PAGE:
Does My Dog Have A Skin Allergy, Cushing’s Disease, Or Worse?

by tessa

Over the last 6 months Annie (pictured at right) has been in, what we thought, was a simple aggravating battle with skin allergies. Just another annoying case of dog allergies that often plague our pets, right?

Her symptoms at various times were:

  • chewing herself, primarily around her rump
  • dandruff which would not be washed away
  • skin pustules: small round spots all over her back that would flake, turn red, and then potentially bleed and get infected
  • increased water intake
  • increased food intake
  • abdominal enlargement

We explored solutions that included:

  • testing her diet for allergic reactions by eliminating treats, canned food and dry kibble and moving to a rice and ground turkey diet
  • periodic treatments with prednisone – steroids
  • ten day doses of Cipro – antibiotic
  • medicated shampoos

While most of these provided some form of temporary relief, none of these resulted in sustainable solutions to Annie’s problems.

Shortly after the loss of our Golden Retriever we decided to get more aggressive with finding out what was causing these outbreaks.

Annie was taken to a veterinary practice that specialized in animal dermatology and was given a blood workup, to check liver value, along with biopsies of 3 of the skin sores. The results showed signs of Cushing’s disease. As a follow up, and to confirm the diagnosis, an ACTH Stimulation Test was performed.

This lead to a positive diagnosis for Cushing’s disease.

In order to identify whether the disease was caused by a tumor on the adrenal gland, 20% of cases, or over secretion of ACTH by the pituitary gland, 80% of cases, additional testing was required. There are a number of possible tests including an abdominal ultrasound to determine the size of both of the adrenal glands and to compare the glands against each other.

Abdominal ultrasound is helpful in three respects. First, it is a good test to evaluate all of the abdominal organs in the dog. Secondly, it is used to study the size and shape of the adrenal glands. The adrenal glands in pituitary dependent Cushing’s are usually normal in size or enlarged. If a tumor is present however, one adrenal gland is often abnormally large or of uneven shape. Finally, if a tumor is suspected, ultrasound can help identify any metastasis to other organs.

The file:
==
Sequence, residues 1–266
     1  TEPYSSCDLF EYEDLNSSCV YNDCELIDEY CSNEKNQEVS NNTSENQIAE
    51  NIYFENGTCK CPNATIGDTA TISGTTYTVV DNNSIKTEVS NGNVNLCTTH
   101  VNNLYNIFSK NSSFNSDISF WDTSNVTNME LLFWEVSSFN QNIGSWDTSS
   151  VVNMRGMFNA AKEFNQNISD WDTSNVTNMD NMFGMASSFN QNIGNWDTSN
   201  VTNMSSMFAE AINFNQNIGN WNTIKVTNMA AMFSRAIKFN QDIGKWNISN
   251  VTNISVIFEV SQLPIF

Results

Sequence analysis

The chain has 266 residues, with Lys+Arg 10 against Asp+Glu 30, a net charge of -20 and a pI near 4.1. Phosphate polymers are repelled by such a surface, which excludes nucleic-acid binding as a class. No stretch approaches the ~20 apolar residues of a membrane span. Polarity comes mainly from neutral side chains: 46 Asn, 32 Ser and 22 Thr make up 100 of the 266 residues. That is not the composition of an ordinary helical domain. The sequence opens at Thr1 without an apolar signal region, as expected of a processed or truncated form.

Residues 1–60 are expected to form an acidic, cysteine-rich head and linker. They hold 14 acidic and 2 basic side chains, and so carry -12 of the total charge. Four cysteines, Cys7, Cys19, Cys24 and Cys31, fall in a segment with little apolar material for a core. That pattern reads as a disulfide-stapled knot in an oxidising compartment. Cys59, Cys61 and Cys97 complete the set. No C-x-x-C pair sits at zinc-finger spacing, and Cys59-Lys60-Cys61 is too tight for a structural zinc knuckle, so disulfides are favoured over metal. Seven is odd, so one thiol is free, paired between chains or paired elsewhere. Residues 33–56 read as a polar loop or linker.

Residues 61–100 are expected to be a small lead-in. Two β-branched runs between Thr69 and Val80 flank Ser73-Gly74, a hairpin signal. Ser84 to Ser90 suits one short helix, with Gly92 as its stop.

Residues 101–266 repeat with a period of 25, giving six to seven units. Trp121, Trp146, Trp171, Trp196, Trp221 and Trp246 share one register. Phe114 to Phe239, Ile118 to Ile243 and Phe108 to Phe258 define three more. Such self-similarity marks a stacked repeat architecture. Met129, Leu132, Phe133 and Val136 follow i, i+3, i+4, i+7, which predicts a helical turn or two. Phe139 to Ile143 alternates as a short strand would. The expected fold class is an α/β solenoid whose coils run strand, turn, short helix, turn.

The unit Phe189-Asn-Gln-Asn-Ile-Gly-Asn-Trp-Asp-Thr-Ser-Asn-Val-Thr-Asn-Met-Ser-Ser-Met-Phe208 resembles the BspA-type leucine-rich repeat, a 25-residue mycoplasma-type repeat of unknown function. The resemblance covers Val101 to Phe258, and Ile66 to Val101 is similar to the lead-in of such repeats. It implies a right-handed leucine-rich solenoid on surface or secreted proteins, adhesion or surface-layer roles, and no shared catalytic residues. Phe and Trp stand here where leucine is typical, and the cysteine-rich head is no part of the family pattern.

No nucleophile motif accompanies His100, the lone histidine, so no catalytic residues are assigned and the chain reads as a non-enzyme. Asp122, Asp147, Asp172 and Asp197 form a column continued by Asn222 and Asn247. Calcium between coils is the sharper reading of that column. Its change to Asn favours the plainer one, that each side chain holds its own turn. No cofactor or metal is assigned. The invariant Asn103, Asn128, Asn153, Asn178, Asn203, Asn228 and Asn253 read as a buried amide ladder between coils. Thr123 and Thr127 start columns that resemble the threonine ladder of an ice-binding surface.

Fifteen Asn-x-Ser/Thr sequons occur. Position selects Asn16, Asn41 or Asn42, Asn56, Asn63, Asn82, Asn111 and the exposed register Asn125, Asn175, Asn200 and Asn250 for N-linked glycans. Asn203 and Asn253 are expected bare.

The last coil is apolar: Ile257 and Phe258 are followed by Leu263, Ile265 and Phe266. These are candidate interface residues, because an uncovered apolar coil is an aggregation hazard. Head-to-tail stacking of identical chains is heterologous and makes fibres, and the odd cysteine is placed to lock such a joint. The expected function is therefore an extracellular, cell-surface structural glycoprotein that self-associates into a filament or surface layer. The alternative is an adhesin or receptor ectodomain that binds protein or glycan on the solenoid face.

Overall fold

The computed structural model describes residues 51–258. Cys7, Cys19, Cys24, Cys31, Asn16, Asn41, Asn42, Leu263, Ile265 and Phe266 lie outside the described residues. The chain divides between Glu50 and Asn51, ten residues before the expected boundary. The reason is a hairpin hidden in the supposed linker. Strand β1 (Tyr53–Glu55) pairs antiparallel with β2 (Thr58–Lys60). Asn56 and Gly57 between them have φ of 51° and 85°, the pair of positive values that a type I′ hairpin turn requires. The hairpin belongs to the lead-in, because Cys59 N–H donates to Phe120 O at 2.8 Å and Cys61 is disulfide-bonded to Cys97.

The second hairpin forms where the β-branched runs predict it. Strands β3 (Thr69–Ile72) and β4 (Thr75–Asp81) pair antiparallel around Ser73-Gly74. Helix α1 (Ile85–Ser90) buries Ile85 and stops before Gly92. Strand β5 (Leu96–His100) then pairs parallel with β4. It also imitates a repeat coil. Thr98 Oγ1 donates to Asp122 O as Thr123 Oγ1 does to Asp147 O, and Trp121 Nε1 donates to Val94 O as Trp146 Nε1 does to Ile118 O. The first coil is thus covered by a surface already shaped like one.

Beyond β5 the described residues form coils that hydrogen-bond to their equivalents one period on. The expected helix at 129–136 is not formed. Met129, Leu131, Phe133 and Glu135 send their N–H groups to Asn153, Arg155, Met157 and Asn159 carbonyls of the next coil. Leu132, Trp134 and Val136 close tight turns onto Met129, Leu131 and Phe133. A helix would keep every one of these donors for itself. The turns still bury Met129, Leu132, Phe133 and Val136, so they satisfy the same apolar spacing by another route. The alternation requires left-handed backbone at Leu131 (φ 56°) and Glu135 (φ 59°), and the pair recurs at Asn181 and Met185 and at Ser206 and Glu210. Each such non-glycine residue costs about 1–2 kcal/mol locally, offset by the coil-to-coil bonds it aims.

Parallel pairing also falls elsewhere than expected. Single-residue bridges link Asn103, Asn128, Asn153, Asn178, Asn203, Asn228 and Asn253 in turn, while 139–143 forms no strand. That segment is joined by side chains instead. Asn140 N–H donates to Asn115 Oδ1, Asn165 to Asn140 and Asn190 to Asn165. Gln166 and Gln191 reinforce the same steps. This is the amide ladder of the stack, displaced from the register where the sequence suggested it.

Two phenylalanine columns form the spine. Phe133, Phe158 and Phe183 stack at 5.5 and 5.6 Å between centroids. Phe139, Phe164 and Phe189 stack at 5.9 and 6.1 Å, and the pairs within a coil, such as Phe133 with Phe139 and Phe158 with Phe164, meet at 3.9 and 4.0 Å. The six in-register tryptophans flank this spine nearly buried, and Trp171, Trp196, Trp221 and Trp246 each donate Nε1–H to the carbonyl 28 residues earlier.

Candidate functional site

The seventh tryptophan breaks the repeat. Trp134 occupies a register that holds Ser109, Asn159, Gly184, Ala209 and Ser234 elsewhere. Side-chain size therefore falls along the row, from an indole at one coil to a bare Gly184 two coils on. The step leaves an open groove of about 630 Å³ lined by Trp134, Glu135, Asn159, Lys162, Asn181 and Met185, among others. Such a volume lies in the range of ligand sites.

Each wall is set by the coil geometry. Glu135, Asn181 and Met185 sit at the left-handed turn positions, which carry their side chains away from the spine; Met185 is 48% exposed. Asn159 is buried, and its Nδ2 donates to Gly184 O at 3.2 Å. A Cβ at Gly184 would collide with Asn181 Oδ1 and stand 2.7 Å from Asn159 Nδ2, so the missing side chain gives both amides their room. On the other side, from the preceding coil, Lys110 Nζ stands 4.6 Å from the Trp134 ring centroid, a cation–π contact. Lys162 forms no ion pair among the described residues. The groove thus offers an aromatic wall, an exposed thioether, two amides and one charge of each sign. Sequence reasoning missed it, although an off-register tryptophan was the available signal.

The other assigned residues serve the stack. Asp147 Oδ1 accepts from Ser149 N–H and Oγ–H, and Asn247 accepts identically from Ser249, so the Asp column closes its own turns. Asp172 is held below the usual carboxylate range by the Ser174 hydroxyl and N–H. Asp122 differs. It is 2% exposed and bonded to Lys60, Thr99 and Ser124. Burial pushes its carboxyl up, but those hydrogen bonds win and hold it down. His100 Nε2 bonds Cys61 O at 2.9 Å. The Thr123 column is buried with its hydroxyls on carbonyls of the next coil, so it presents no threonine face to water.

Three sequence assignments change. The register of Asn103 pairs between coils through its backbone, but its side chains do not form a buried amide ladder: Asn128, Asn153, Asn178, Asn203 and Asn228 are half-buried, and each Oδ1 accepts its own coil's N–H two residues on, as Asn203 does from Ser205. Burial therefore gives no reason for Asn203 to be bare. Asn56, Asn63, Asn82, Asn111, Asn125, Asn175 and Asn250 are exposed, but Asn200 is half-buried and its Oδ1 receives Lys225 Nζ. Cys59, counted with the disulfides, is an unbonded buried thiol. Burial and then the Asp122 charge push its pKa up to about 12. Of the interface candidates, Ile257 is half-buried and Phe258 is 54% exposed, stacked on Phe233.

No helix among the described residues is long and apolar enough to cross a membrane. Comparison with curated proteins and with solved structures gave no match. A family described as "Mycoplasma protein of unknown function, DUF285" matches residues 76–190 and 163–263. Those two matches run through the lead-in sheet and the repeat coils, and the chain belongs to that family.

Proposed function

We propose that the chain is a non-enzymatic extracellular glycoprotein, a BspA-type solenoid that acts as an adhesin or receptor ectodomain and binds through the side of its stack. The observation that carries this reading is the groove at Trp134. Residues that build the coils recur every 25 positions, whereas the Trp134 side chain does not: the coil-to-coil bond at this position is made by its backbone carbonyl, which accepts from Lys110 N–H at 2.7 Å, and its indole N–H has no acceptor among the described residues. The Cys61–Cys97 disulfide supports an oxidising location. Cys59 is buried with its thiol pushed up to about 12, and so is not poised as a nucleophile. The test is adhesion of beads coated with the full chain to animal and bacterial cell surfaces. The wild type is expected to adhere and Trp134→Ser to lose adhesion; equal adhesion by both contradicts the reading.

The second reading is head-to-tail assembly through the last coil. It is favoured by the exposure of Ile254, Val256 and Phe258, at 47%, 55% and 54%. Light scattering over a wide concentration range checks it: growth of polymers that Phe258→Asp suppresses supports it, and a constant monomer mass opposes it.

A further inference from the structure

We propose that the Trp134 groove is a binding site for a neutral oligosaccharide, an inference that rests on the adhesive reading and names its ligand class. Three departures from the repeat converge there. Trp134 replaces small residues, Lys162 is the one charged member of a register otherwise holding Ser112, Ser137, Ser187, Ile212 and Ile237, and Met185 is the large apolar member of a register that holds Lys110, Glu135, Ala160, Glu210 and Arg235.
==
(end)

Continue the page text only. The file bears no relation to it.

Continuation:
In Annie’s case the ultrasound had good news…..and bad.

The good news was that the root cause of the disease was not based on a tumor on her adrenal gland.

The bad news is that during the ultrasound a mass was detected on her spleen

Splenic tumors are treated as a fairly serious condition as the spleen can rupture due to the mass and causes massive bleeding. This meant Annie would need immediate surgery to have her spleen removed, a splenectomy.

The operation was complicated as the mass had grown in a star shaped pattern over and around her spleen. The fortunate news is that no other organs appeared to be affected by the mass.

The patient is resting comfortably as we nervously await the results of the biopsy that was performed on the mass to determine if it will be benign or malignant.

All dog owners are recommended to have their dogs properly evaluated by veterinary professional for root causes to allergy symptoms. What may appear to be one heath issue related to dog allergies may reveal another issue that may save your dogs life.

Similar Posts:

Share

{ 1 comment… read it below or add one }

Dog rescue March 4, 2016 at 1:53 PM

I do agree with all of the ideas you’ve offered on your post.
They are very convincing and can certainly work. Nonetheless,
the posts are very brief for beginners. Could you please extend them a
little from next time? Thank you for the post.

Leave a Comment

{ 1 trackback }

Previous post:

Next post: